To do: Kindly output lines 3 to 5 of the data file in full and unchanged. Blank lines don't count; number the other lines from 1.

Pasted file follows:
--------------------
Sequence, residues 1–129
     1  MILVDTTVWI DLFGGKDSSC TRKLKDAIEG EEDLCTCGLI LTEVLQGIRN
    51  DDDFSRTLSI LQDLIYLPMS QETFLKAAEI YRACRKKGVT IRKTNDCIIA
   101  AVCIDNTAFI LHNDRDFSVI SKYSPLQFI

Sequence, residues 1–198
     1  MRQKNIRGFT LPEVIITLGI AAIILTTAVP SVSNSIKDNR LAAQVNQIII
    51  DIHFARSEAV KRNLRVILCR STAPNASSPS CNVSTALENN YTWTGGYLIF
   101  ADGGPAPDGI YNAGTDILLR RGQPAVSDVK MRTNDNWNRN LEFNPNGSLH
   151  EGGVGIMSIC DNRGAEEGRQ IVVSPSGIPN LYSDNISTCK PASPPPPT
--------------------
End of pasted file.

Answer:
    51  DDDFSRTLSI LQDLIYLPMS QETFLKAAEI YRACRKKGVT IRKTNDCIIA
   101  AVCIDNTAFI LHNDRDFSVI SKYSPLQFI

Sequence, residues 1–198